When the Orioles' front office hunkers down in earnest Monday for several days of discussions, negotiations and deliberations at the annual winter meetings in Lake Buena Vista, Fla., there will be a decidedly different vibe.
For the first time since 2002, the Orioles will have a veteran manager shaking the hands of any players or players' agents who come into the club's suite.
For the first time in more than a decade, the Orioles can talk about their strong finish to the previous season and point to a young core of talented players as part of their sales pitch.
And, perhaps more so than in recent memory, there could be a sense of urgency swirling around the Orioles' suite this year, with 13 years of losing as a backdrop and a president of baseball operations in the final year of his contract.
That urgency has only grown the past couple of weeks as the Orioles have missed out on two of their top free-agent targets — catcher-first baseman Victor Martinez and designated hitter-first baseman Adam Dunn.
"I don't think discouraged is the right word," Orioles president of baseball operations Andy MacPhail said. "I don't think there's anything that has been too terribly surprising. The market appears to be up for what it has been in years past. We're still in the hunt to try to augment our offense and then fill in other places after."
Here are some storylines to watch as the meetings, which run through Thursday, progress:
Does MacPhail need to make a splash?
This will be the fourth winter meetings for MacPhail, who is the final year of his contract. In the past, the low-key executive has used the winter meetings to set up groundwork for trades and free-agent signings, consummating deals at later dates (although he did trade for Kevin Millwood at last year's meetings).
Conventional wisdom dictates that this year's meetings will be more of the same. But there are two big differences: Free agency started 10 days earlier this offseason and some big names (Martinez, Dunn) are already off the board, so the timeline for all teams might be accelerated.
And, perhaps more important, an already disgruntled fan base is becoming further disenchanted with the continual losing, and MacPhail's cautious approach has been targeted as a primary cause.
So there is definitely more pressure on MacPhail to improve the roster than ever before in Baltimore. That said, MacPhail, in the past, has been impervious to the criticism and unyielding to artificial deadlines. So it would be surprising to see him make a knee-jerk move in Florida when he still has two-plus months remaining this offseason.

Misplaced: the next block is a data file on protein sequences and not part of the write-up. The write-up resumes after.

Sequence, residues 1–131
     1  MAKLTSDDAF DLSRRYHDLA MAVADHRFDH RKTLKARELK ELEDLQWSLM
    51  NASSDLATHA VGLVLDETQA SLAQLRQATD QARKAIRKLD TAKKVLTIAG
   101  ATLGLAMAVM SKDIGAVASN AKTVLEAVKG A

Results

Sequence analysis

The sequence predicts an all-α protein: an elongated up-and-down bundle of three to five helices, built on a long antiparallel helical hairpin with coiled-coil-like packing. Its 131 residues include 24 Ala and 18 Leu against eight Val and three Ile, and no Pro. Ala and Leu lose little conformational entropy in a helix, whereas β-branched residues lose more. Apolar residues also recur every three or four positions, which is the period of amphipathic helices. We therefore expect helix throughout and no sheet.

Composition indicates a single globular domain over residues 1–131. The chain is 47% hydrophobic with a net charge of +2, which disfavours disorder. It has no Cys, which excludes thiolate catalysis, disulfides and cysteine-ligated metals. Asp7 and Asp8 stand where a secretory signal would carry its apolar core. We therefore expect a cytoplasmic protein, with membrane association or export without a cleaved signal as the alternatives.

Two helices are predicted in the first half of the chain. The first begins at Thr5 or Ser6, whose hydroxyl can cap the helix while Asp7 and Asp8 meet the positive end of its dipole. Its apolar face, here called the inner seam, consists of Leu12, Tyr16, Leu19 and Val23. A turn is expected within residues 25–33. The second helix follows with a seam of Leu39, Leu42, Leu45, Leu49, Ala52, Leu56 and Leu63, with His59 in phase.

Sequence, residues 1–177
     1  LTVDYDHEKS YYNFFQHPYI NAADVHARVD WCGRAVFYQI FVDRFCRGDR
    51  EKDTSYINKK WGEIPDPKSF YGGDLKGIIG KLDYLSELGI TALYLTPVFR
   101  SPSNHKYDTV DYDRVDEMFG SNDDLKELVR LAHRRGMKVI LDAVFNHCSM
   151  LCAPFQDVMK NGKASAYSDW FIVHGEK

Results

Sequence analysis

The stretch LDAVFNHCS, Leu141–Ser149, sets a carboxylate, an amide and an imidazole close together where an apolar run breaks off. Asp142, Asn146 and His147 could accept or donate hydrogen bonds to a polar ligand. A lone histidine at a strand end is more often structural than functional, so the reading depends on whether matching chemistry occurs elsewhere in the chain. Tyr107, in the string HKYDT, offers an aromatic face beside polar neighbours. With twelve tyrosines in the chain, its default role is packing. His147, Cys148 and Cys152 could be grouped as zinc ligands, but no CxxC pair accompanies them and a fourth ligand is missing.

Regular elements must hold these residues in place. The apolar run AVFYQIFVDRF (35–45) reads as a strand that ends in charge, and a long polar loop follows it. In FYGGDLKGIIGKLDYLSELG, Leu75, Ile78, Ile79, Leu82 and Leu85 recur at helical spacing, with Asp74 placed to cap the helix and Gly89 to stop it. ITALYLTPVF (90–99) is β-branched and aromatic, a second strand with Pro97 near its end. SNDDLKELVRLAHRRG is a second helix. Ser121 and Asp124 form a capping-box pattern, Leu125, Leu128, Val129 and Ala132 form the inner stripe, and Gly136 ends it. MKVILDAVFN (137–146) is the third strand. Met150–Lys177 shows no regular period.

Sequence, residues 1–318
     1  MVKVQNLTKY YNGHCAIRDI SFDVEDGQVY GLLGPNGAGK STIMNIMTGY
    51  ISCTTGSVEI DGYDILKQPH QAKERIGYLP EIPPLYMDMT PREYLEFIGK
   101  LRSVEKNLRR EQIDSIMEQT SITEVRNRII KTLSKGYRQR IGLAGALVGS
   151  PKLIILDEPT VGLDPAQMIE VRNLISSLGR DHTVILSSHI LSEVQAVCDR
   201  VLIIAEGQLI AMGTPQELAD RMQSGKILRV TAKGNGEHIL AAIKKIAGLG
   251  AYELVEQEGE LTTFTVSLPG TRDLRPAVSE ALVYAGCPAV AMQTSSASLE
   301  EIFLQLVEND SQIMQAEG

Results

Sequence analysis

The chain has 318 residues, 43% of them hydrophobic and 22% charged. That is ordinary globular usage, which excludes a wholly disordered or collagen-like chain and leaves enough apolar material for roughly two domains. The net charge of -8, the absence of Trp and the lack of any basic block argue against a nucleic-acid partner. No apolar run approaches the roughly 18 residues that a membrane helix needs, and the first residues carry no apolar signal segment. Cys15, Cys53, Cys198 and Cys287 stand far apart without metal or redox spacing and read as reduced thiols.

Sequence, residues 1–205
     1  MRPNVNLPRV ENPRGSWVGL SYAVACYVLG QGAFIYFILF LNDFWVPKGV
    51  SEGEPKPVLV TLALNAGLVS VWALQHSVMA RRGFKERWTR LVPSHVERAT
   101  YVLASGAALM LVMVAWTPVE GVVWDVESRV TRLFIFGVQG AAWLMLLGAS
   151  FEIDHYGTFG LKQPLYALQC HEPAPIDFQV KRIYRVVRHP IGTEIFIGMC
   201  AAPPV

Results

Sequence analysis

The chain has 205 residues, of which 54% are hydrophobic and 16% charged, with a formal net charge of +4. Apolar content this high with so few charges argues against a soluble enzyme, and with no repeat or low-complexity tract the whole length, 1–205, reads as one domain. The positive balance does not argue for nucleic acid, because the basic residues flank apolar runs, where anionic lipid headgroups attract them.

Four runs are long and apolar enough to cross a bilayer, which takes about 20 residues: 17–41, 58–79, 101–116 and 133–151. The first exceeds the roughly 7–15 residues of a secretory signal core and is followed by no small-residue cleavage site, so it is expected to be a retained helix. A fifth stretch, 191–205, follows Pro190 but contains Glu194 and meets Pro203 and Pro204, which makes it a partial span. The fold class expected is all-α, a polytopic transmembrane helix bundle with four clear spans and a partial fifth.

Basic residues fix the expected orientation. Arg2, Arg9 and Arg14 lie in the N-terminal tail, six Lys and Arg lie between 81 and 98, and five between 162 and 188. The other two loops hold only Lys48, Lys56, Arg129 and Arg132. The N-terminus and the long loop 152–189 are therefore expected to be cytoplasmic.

How much of a factor will Buck Showalter be this week?
The best guess is that Showalter will play a huge role at the winter meetings. First, he is one of the Orioles' biggest selling points, especially after a woeful club went 34-23 under the veteran manager in the final two months of the season.
Showalter knows everyone in the game and has the respect of most. So he'll definitely be active. Furthermore, Showalter hasn't pulled punches in his belief that this team needs to get better and get better quickly. And he'll continually share his unending supply of ideas with MacPhail and company — and that includes owner Peter Angelos, who does not attend the meetings but is kept in the loop.
Showalter has met face-to-face several times with Angelos already this offseason — something unheard of with past managers. So it's fair to say he has more clout with the owner than all his recent predecessors combined.
Do the Orioles still have 'Confederate money?'
With only two players, second baseman Brian Roberts and right fielder Nick Markakis, signed long term, the Orioles theoretically have money to spend this offseason.
They have tried — and haven't found a taker.
They made a four-year, $48 million offer to Martinez, the Orioles' top free-agent target, and watched the switch-hitter sign with the Detroit Tigers for four years and $50 million.
MacPhail extended a four-year, $40 million offer to Dunn and was blown out of the water by the Chicago White Sox's winning four-year, $56 million bid.
The two misses have only strengthened the perception that the Orioles, in the midst of 13 consecutive losing seasons, will have to dramatically outbid other suitors to land any free agent of significance. The problem there is MacPhail has yet to show a willingness to do that.
Which free agents are on their radar?
You know the names by now. In their search to find a regular first baseman and a middle-of-the-order hitter, the Orioles are considering Paul Konerko, Adam LaRoche, Derrek Lee and Carlos Pena.
They have been active with the free-agent relief market as Jesse Crain, Kevin Gregg and Grant Balfour are among the pitchers whom the club is considering. The Orioles have extended at least one offer to a reliever, according to a source, and have talked contract parameters with several others.